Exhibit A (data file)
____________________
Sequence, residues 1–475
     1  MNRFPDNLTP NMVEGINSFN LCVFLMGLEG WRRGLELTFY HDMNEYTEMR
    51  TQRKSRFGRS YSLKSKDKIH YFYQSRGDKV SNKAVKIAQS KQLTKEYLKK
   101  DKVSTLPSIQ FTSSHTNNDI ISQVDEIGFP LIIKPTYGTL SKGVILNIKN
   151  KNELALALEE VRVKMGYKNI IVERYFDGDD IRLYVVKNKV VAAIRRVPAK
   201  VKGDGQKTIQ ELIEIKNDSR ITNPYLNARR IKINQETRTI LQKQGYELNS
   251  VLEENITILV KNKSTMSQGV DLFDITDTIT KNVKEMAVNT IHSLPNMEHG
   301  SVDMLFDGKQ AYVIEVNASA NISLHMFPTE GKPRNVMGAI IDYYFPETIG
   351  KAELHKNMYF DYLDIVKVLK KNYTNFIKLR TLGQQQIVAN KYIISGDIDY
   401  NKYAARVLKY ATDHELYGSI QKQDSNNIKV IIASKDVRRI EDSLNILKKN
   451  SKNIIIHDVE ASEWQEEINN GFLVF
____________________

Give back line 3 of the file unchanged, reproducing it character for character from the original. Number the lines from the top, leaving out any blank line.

    51  TQRKSRFGRS YSLKSKDKIH YFYQSRGDKV SNKAVKIAQS KQLTKEYLKK